A group of doctors have started a campaign to encourage the Dutch to wear helmets while cycling, saying their use would cut brain injuries considerably.
Artsen voor Veilig Fietsen (doctors for safe cycling) has been set up by specialists from several of the country’s biggest teaching hospitals.
Every year, some 50,000 are seriously injured in an accident and in around one-third of cases the victim suffers a brain injury, the doctors say. However, wearing a helmet cuts the risk of serious head injury by 60% and a deadly brain injury by 71%.
In particular, the doctors want to encourage the use of helmets among more vulnerable people such as children and e-bike users.
‘We aim to cut the number of cycling accident victims considerably in the coming years,’ said neurologist Myrthe Boss. ‘If that target is not reached, policy makers should seriously consider making it compulsory.’
Figures from national statistics agency CBS earlier this year showed that 229 cyclists died in accidents last year, the highest figure in 25 years. One in three was riding an electric bike.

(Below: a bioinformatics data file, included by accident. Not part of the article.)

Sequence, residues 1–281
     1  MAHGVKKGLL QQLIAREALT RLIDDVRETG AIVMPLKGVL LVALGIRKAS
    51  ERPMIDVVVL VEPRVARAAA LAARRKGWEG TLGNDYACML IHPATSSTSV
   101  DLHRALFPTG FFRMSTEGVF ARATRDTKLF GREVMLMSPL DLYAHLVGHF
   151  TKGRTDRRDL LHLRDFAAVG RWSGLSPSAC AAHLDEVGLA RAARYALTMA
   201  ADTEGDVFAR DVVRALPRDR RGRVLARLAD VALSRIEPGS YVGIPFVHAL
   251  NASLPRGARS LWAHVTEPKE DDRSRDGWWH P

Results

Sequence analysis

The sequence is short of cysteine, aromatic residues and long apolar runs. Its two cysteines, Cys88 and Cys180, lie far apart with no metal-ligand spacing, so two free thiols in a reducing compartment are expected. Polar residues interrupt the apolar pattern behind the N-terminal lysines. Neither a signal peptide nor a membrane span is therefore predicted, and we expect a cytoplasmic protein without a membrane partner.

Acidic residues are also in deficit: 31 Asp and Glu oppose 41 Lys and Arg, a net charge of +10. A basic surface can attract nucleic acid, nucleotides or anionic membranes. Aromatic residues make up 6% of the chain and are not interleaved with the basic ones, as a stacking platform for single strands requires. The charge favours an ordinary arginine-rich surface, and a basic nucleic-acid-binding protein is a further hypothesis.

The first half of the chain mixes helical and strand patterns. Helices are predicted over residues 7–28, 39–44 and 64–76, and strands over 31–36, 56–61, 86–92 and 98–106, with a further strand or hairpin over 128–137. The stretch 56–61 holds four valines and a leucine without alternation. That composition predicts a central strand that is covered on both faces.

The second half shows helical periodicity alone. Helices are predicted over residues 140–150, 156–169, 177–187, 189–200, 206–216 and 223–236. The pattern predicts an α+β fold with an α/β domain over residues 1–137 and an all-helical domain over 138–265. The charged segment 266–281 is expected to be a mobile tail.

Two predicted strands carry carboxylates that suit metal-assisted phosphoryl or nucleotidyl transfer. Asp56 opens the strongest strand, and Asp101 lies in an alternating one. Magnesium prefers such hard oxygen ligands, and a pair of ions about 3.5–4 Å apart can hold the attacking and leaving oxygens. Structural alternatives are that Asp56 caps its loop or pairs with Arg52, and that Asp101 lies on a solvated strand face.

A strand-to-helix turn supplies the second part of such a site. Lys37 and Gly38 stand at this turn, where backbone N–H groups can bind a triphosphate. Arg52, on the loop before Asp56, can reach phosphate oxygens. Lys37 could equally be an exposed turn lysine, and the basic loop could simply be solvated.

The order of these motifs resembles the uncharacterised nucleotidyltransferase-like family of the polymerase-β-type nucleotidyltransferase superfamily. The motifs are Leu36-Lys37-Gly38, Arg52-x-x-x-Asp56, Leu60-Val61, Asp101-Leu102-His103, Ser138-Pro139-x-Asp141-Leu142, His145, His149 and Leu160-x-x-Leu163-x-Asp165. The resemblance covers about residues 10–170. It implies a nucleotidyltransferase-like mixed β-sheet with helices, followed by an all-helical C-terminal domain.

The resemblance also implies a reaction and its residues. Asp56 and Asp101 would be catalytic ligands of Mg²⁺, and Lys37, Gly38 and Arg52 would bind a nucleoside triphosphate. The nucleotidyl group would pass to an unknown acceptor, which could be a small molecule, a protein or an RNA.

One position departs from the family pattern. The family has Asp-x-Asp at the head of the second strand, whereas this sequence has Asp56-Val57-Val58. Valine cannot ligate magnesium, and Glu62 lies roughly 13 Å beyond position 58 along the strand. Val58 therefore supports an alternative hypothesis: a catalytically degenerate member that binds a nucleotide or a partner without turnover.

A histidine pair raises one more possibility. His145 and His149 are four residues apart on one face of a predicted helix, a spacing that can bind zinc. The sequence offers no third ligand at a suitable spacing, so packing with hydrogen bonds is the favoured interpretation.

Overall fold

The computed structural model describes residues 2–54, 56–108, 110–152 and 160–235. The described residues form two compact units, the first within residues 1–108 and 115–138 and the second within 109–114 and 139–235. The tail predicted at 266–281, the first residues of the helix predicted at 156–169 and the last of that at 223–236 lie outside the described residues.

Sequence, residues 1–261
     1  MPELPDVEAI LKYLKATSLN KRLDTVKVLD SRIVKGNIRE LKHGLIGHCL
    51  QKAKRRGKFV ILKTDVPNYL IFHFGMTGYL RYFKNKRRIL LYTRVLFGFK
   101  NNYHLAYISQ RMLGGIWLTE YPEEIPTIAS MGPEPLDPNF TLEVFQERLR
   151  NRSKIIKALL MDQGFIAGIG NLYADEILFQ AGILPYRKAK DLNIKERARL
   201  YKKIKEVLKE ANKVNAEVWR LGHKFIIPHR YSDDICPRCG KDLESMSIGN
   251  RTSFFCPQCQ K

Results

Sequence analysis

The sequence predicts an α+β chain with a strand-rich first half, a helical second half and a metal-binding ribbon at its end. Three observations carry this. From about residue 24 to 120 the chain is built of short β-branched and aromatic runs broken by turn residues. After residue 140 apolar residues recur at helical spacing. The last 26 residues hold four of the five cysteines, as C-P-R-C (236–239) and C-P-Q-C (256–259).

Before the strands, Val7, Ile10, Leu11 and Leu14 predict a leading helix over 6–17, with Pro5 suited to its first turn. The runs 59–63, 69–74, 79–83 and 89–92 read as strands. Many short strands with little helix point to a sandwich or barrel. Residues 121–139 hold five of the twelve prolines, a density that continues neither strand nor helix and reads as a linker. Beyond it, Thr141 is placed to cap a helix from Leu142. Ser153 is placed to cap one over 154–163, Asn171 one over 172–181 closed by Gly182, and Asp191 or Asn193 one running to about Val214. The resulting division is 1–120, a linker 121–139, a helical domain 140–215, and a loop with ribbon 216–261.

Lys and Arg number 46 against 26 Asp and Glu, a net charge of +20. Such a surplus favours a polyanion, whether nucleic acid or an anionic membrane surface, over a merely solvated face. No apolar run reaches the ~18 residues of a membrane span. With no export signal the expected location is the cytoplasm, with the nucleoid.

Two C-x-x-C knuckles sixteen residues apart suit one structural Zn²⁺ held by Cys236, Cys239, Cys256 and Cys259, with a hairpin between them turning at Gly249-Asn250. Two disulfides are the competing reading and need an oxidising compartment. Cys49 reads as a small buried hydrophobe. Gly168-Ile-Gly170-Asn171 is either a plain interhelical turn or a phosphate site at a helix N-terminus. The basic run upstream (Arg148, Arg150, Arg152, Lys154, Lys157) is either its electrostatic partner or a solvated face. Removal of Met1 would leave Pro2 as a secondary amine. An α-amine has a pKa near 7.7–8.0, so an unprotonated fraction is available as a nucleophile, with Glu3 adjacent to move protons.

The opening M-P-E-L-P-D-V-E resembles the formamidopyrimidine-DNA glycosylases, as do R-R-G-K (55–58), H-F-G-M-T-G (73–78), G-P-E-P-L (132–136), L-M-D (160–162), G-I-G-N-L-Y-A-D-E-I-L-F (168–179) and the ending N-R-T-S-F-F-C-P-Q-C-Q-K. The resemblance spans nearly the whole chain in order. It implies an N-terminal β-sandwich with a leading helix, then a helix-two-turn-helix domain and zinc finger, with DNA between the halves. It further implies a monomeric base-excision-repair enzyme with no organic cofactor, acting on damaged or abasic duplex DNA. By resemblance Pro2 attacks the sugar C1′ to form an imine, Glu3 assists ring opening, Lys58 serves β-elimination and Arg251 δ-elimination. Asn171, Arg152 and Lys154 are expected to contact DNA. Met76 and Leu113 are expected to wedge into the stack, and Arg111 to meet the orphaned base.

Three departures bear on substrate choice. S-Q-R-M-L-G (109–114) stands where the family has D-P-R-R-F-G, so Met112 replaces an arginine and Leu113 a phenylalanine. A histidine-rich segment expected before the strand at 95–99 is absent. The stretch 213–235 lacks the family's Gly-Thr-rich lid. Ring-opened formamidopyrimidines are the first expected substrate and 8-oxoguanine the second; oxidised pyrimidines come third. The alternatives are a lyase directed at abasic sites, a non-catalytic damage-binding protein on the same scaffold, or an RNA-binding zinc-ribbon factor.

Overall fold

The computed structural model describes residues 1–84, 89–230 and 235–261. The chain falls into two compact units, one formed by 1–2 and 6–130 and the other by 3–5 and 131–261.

The Dutch cycling union Fietsenbond opposes making helmets mandatory, saying compulsion will lead to fewer people using a bike to make short journeys.
‘It is a bad idea,’ policy advisor Wim Bot told the AD last year. ‘Just promoting the idea that helmets should be worn strengthens the idea that cycling is not a safe activity in itself.’
Last year, a government think tank said ministers should consider making helmets compulsory for children and people using electric bikes.
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